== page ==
Why it’s Good to be an Industrial Engineer during Difficult Economic Times

It’s hard to find a time where having an industrial engineering degree wouldn’t be beneficial, even during times of economic instability. Those that plan for and react to economic downturns will have an advantage compared to others. Luckily, the skills gained while studying industrial engineering are always marketable, especially during difficult times. During economic lows, they are called upon to create efficient processes, reduce resource requirements and streamline operations. Four ISE Alumni – Patrick Murray, Misha Dawson, Tony Blevins and Jeff Johnson – share their experience working in a changing economy and why their skills in industrial engineering are critical, especially during the lows.

Patrick Murray

In the fall of 1987, Patrick Murray was a senior at NC State. Then, on October 19th, a day now called Black Monday, the Dow Jones Industrial Average fell over 22%. This decline was the most significant one day fall since the Great Depression. “Whispers of worry began to circulate among the seniors and some grad students. The economy was in bad shape; what would happen to our job prospects?” Murray said. After Thanksgiving, “A few students talked about job interviews being canceled or postponed. As we were getting ready for fall exams, we heard from our classmates about more canceled interviews with companies like IBM, Nortel, JP Stevens, Data General, Dupont, Burlington, Milliken, RJReyonlds, Fieldcrest, etc. We were caught off-guard, this was supposed to be our great final year of college, everything was supposed to be coming up like roses just like it was for the students a year ahead of us.”

Over winter break, Murray focused on typing up cover letters, mailing out resumes and working for his professor. “As the Spring semester started, there was great concern about having a job offer before graduation,” Murray reflected. As students prepared for spring break, word got around that some students were receiving offers from small companies. “I finally heard from Intel, an offer for a full-time position in California as they had a solid business year in 1987 with the growth of the PC market. They were looking for people with PC architecture knowledge, which I had picked up working on projects with IE professors,” he stated. There was a demand from companies for optimization, efficiency, and process improvement skills after Black Monday, areas where industrial engineers are known to be experts. “The economic downturn created opportunities for engineers and students to help companies improve how they did things and run their operations leaner.”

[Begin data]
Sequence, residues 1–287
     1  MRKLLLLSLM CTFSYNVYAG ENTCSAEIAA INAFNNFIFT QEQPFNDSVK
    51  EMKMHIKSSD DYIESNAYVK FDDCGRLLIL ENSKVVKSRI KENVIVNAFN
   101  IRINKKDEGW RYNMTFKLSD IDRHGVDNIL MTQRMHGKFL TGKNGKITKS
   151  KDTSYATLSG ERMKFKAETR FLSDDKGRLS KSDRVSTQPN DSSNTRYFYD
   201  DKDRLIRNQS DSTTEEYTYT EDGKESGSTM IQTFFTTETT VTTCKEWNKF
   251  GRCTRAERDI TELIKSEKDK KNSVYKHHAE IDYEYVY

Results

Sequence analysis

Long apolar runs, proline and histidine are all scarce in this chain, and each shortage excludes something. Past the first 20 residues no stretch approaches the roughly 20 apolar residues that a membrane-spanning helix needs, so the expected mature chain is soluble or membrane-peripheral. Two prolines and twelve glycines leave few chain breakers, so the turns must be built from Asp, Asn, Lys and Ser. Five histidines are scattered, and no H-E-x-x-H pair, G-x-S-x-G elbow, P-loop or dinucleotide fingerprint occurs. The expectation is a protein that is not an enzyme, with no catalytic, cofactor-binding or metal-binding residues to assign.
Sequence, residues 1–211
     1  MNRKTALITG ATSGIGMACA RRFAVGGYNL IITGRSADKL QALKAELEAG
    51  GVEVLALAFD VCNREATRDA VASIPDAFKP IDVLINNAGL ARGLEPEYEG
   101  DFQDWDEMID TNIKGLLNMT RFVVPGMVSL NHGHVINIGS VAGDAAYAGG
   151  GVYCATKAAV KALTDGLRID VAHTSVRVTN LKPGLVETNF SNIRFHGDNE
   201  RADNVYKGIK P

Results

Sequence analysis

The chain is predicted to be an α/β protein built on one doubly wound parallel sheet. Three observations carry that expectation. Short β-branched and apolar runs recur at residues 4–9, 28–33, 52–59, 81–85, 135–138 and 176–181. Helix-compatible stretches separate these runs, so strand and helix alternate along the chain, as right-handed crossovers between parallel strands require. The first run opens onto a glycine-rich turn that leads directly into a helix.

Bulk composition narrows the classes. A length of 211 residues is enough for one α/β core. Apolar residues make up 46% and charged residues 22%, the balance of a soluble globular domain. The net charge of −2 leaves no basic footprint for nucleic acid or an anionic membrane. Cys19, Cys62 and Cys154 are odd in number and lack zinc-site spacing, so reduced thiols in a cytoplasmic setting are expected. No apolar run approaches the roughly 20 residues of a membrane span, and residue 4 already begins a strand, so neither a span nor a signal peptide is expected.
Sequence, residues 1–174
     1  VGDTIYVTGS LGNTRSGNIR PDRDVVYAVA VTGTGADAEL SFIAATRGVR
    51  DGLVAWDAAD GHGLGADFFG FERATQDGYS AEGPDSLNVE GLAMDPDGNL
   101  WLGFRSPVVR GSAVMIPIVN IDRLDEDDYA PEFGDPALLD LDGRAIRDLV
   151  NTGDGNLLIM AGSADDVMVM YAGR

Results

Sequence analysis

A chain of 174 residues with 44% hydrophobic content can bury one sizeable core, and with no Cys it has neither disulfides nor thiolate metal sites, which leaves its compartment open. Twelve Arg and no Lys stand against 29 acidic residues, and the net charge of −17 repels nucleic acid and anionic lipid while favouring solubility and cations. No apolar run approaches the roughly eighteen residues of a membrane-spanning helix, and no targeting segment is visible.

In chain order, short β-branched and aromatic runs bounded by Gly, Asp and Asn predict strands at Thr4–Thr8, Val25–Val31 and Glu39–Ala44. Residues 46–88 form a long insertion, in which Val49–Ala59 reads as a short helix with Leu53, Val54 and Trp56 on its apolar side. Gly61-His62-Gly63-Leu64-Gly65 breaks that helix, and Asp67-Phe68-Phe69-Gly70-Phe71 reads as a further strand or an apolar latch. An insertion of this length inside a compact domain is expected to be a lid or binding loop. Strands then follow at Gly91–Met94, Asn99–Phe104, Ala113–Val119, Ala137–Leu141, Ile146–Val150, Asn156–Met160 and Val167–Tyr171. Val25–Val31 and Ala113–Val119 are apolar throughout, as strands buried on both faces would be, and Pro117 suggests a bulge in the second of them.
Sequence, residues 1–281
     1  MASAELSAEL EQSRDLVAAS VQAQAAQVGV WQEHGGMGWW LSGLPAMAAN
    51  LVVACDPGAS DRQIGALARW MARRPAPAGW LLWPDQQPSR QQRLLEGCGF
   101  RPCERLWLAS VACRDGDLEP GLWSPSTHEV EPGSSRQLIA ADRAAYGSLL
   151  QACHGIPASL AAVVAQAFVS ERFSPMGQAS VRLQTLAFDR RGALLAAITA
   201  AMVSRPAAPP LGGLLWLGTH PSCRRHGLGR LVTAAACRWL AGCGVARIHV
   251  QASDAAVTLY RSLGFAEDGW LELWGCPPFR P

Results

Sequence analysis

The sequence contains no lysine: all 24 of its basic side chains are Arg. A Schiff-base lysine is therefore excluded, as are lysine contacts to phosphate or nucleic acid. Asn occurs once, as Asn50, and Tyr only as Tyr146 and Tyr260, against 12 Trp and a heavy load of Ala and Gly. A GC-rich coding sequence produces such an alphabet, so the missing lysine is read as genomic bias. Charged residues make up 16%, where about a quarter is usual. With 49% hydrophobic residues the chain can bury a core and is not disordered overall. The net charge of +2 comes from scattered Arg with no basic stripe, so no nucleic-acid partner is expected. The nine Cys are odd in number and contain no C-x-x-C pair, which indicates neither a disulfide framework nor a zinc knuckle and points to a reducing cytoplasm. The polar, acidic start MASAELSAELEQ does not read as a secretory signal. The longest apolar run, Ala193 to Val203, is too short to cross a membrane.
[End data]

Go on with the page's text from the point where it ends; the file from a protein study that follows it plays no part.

Misha Dawson

It was the downturn of a specific industry that impacted Misha Dawson. In the early 2000s, the cell phone manufacturing company that she worked for had decided to relocate some of its facilities to other countries. This move left Dawson without a job. “The cell phone manufacturer provided pay for about two months before starting severance for its impacted employees. Within that time frame, I was able to attend a job fair and receive two job offers on the same day,” she said.

Fortunately, Dawson was able to begin a new job in the Aerospace and Defense Industry on the same day that her severance started. “Nineteen years later, I am still with Aerospace and Defense. I never missed a paycheck during that transition period. Additionally, I have never missed a paycheck in the twenty-five years I’ve been working since graduating from NCSU with my BS in Industrial Engineering,” she said. “The skills learned as an industrial engineer do not go ‘out of style’” Dawson explained. “Companies are always looking for ways to remain competitive by becoming more agile, by leaning out their processes and by continuously improving their operations.”

Tony Blevins